The two apps work like hand in glove for getting the best shots out of a phone or turning old photos into new photos. Best of all, they're both absolutely free.
If you could get a slew of new STEM gear to help your students learn the next-generation of skills you would, right. What if it was free? Samsung’s 7th annual Solve for Tomorrow contest is giving away $2 million of tech equipment to schools working on 21-st century projects, like solar cars, advanced prosthetics and making the world a safer place. Hurry, the deadline is November 15, 2016.
After three years of screaming, insulting and stretching the truth past the breaking point, Election Day is finally here. Well, almost here. While many schools will be closed, or serving as polling stations on Tuesday, there’s a big lesson to be taught here: the act of voting is as important as the results.
Here’re a few choice Web sites for building an election day lesson around.
- Before you get started, take a look at what FactCheck has to say about what the candidates have to say about each other and the shape of the country.
- Then, go to InfoGroup’s analysis of what separates Republicans and Democrats.
- You can take a big step back in time with 270 to Win’s election maps from the first (1789) to the last (2012) elections. You can see how history might be changed if a state goes one way or another, like Gore taking Florida in the 2000 election.
- CNN will have all day/all night coverage of the results, culminating in late night electoral college vote counting as the west coast results come in.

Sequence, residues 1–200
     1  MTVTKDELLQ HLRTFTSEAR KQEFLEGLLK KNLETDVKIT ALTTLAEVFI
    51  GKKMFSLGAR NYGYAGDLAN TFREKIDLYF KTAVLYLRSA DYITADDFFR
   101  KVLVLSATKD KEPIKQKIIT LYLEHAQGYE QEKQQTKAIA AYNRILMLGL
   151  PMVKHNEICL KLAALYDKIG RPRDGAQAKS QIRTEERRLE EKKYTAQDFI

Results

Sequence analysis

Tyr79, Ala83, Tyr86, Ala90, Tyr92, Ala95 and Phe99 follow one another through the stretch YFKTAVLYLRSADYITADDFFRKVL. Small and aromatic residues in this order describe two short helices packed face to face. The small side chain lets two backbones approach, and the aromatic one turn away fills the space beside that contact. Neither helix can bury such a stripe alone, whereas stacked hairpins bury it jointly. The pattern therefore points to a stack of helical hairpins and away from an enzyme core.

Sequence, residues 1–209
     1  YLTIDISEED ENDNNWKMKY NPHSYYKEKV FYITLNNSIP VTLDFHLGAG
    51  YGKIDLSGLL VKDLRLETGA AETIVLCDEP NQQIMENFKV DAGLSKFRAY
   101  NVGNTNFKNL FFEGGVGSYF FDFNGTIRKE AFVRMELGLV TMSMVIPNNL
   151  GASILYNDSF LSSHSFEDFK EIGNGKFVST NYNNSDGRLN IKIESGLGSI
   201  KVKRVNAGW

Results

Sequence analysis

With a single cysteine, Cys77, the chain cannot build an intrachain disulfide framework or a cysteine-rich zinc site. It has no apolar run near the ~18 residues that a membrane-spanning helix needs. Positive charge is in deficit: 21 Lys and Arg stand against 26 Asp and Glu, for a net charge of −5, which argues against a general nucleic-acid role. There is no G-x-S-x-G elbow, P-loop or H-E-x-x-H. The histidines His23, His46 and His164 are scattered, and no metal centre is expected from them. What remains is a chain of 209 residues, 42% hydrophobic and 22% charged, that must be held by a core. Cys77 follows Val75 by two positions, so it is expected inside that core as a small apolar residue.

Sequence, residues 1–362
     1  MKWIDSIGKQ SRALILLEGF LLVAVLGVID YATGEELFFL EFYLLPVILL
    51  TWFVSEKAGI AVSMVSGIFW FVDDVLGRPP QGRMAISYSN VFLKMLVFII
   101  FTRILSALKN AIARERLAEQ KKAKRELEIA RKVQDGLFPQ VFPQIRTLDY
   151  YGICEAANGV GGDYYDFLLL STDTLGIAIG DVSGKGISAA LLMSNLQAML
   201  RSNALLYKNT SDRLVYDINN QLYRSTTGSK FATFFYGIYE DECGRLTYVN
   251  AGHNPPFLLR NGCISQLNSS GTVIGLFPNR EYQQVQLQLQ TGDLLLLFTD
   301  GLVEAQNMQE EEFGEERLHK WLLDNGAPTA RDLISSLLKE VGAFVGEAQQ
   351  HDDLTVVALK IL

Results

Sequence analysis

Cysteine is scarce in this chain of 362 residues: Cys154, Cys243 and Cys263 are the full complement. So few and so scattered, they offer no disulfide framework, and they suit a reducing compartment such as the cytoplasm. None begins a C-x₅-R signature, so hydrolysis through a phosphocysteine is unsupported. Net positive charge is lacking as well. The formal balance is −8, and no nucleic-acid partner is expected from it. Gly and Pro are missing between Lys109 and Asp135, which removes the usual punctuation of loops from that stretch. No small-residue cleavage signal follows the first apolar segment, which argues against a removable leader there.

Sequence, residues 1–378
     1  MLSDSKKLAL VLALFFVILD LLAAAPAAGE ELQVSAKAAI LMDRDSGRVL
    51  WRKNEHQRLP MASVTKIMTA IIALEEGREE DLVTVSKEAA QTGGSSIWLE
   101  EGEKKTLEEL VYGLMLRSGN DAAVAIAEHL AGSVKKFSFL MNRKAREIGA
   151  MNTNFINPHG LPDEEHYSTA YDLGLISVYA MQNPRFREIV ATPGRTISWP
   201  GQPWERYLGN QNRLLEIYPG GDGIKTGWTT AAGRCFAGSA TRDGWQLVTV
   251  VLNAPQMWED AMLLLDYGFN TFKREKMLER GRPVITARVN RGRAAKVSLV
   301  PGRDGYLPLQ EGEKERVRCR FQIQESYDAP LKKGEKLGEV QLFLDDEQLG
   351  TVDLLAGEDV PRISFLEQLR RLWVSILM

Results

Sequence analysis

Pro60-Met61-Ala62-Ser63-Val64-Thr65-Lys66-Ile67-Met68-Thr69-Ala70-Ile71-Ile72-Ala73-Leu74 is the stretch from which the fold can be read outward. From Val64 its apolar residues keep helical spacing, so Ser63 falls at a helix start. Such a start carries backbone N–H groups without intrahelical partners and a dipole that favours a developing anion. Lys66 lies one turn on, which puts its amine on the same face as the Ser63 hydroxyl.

- Nate Silver, pollster par excellence will have minute by minute updates on the race at his FiveThirtyEight site.
- It’s hard to remember, but every House representative, one-third of the Senate as well as gubernatorial and local races are underway. Election Projection has been following the polls from day one and will have a roundup of the results.
- Don’t miss Politico’s interactive map of the states and how they’ve voted during the day.
- You might even want to run your own in-class election to see how the sentiment of the class compares with the rest of the nation. The American Statistical Association has sponsored a mock election among students. Its results give Clinton victories in both the popular and electoral college polls.
Regardless of whether you call it an early night or stay up all night glued to your computer or the TV, Wednesday will be another school day. It’s an extreme understatement to say that there will be plenty to talk about.
It’s been shown that a class pet can help open up autistic children and assist with their socialization, and Pets in the Classroom wants to provide it. They provide grants to get that gerbil, rabbit or hamster along with care instructions and lesson plans. But before you and the class gets too excited, you need to read the section about whether your classroom is ready for a pet.
The first day back at school is always awkward for both teachers and students, but Apperson has an eBook with tips on how to make it a more meaningful time. "Back to School" includes 50 ideas, from helping kids understand their feelings to what every classroom needs.
Ever wanted to take a class to see artifacts and documents from the past without ever leaving the classroom? Smithsonian’s Learning Lab can bring the exhibits to you and your students with online digital resources to enhance a variety of lessons. With more than a million Smithsonian items available, the pages are age- and grade-rated with hot spots that reveal more information if you hover over them. Because it’s a Web site, the Learning Lab works on just about any connected computer and there are always special exhibits that bring together elements of the institution’s collections. Best of all, you can forget about those worn out worksheets, because the site has a wealth of discussion questions and quizzes. It’s free, but you will need to sign up to go to the digital museum.